Dr Meenakshi (P. T.) with a Master’s Degree in Sports Physiotherapy is Gāyo Fitness Academy’s (Hon.) Senior National Faculty and Assessor in Sports Medicine, Sports Medical Rehabilitation and Exercise Therapy. Her impressive work experience includes working her Asst. Professorship in Department of Physiotherapy, P.D.M University Bahadurgarh (Haryana) and practice as Sports Physiotherapist in Sports Authority of India National Boxing Academy, Rohtak. She has attended to India’s world-class women’s boxing teams. She is currently attached to SAI, Lucknow.

She can be contacted at Dr Meenakshi will write regularly on exercise and sports injuries management.

Dr Meenakshi presents the early management of Lower Back injuries in Part 10 of her Sports Injury Management Series.

Elbow Epicondylitis – Tennis / Golfer’s Elbow – is inflammation of muscles, tendons, bursa or the periosteum of the bones at the elbow joint. If the inflammation is on the lateral side of the elbow, we call it Lateral Epicondylitis, popularly known as a Tennis Elbow. If the inflammation is on the medial side, Medial Epicondylitis, it is in common parlance a Golfer’s Elbow!

The elbow is a hinge joint between the distal end of the humerus bone in the upper arm and the proximal ends of the radius and ulnar bones in the lower arm. The arm is bent and rotated at the elbow by the biceps brachii muscles in the upper arm. Ligaments located at the front, back, and sides of the elbow help stabilize the joint.

The elbow muscles, tendons and one or both the epicondyles are involved in this injury. Epicondyles are the bony prominences on the lateral and medial sides of the elbow where the muscles of the forearm attach to the bone of the upper arm.

Dr Meenakshi breaks down her explanation in terms of –

  • symptoms
  • causes
  • prevention
  • first aid
  • basic rehab movements


Signs include –

  • pain and tenderness over the epicondyles – with the pain increasing with gripping and /or rotation of the forearm
  • weak grip
  • pain while twisting the hand and arm as when playing tennis or throwing a ball with a twisting motion, golfing, pushing off while skiing on snow or bench pressing in the weight room.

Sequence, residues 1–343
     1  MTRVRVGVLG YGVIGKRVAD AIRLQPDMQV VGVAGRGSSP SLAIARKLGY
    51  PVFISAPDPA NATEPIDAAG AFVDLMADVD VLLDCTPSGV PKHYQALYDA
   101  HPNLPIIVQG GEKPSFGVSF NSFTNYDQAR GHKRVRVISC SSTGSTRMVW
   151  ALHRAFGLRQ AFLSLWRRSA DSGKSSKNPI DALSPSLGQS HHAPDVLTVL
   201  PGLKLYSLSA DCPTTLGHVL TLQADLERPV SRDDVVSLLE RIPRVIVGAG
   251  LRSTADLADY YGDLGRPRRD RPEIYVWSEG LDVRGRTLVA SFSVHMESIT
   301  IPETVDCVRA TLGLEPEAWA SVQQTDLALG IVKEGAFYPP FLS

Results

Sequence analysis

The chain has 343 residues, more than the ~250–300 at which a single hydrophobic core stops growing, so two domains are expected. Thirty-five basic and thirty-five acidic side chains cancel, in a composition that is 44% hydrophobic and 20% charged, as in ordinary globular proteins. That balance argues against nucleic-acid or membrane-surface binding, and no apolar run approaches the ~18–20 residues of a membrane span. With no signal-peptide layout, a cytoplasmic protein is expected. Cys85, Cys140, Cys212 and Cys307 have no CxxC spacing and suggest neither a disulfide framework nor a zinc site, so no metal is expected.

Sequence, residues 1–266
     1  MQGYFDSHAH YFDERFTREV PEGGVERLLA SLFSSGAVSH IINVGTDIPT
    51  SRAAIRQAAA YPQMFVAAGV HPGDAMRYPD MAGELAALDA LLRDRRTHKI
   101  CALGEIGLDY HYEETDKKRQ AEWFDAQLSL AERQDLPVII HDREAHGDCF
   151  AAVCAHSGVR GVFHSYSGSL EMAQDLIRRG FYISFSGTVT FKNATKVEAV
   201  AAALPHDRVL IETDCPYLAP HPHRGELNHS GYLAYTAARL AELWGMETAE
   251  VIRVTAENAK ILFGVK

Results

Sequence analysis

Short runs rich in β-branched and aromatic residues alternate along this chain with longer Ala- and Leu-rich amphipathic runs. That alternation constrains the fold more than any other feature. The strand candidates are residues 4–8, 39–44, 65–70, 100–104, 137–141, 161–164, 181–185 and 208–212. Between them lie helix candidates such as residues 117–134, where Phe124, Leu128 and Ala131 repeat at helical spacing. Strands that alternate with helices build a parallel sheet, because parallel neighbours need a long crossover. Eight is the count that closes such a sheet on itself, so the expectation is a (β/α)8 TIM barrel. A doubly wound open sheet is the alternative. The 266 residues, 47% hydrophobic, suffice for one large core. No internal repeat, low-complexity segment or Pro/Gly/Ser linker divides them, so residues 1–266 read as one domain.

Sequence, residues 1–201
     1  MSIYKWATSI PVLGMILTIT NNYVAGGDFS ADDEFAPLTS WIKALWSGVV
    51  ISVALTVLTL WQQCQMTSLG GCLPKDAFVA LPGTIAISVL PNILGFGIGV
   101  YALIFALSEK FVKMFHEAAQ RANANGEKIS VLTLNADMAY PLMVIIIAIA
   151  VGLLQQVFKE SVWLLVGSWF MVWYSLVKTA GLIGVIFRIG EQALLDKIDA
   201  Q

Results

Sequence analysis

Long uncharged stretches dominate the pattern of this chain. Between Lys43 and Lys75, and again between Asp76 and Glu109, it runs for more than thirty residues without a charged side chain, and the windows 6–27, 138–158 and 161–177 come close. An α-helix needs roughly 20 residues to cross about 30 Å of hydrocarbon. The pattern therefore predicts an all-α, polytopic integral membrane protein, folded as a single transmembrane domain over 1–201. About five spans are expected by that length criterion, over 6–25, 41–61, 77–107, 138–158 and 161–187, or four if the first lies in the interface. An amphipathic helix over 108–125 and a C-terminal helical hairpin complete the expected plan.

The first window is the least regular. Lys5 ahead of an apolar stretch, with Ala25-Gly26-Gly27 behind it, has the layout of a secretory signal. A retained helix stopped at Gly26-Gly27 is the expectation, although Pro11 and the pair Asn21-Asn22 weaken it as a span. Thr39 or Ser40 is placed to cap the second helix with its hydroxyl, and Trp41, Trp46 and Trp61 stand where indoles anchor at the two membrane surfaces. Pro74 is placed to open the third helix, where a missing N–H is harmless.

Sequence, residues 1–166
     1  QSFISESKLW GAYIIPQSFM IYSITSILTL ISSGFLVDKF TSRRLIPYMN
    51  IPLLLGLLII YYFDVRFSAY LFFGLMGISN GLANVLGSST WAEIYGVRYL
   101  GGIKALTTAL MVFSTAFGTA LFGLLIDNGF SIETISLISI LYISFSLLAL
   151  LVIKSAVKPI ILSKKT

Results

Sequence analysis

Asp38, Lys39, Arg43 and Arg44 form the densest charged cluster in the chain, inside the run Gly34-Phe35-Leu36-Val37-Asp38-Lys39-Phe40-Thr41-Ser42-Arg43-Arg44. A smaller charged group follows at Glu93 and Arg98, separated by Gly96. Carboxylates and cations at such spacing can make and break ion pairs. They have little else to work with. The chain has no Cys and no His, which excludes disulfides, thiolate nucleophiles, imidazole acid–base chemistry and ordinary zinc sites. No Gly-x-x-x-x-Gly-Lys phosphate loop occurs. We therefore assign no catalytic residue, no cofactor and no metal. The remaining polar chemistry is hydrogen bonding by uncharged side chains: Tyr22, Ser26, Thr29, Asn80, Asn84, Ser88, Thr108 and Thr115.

Partial tear of the tendon and attached covering of the bone may be caused by –

  • chronic stress on the tissues that attach the forearm muscles to the elbow region
  • sudden stress on the forearm
  • wrist snapping or jerking while serving in racquet sports like tennis.
  • Incorrect grips
  • Using racquets that are too heavy
  • Using oversized grips
  • Incorrect hitting techniques

Risk Factors

Risk increases with –

  • Participation in sports that involve forearms – e.g. tennis
  • Throwing sports
  • Poor conditioning of the elbow and forearm muscles
  • Poor nutrition
  • History of previous injury – especially premature return to sport after an incomplete rehab program.


Prevention is better than cure! The precautions to be taken are common to all sports and exercise injuries. But it is worth reminding the reader!

  • It is essential to engage in a physical conditioning that involves appropriate strength and flexibility building movements prior to playing sports.
  • Stretch the relevant muscles as also the tendons prior to physical activity.
  • Improve functional movement and dynamic stability of the joints.
  • Try to be in shape to play your sport; don’t play your sport to get in shape!
  • Hire a good coach who can improve your technique

First Aid

Follow the P.R.I.C.E. drill –

  • Protect the injured part, not allowing any further damage.
  • Rest the injured part.
  • Apply ice or cold treatment for 15-20 minutes.
  • Compression: use of mild to moderate pressure to the injured area with bandages / crepe bandages is advisable.

Current international standards have replaced P.R.I.C.E. with P.O.L.I.C.E.

  • P – Protection of injured part
  • O/L – Application of Optimal load (local injury factors) / Training load
  • I.C.E. – as mentioned earlier (ice + compression+ elevation)

Follow up on First Aid

Return to sporting activity only after complete rest, recovery and rehabilitation.

Use heat therapy as also cryotherapy to manage pain.

Identify and analyze the physical activity that caused the injury in the first place. Make sure you do not repeat it. Focus on proper techniques.

Exercises to prevent injuries and strengthen the hamstrings

Dr Meenakshi (P. T.) recommends these rehab exercises to help recover from Tennis and / or Golfer’s Elbow:

  1. Wrist active range of motion exercise
  2. Wrist extensor stretch with elbow extended/ with fist
  3. Strengthening of Wrist extensors and progression with weight
  4. Ulnar and radical deviation motion and strengthening exercises.
  5. Wrist supination and pronation exercises and progression with weight
  6. Towel twist with wrist extension
  7. Self tissue mobilization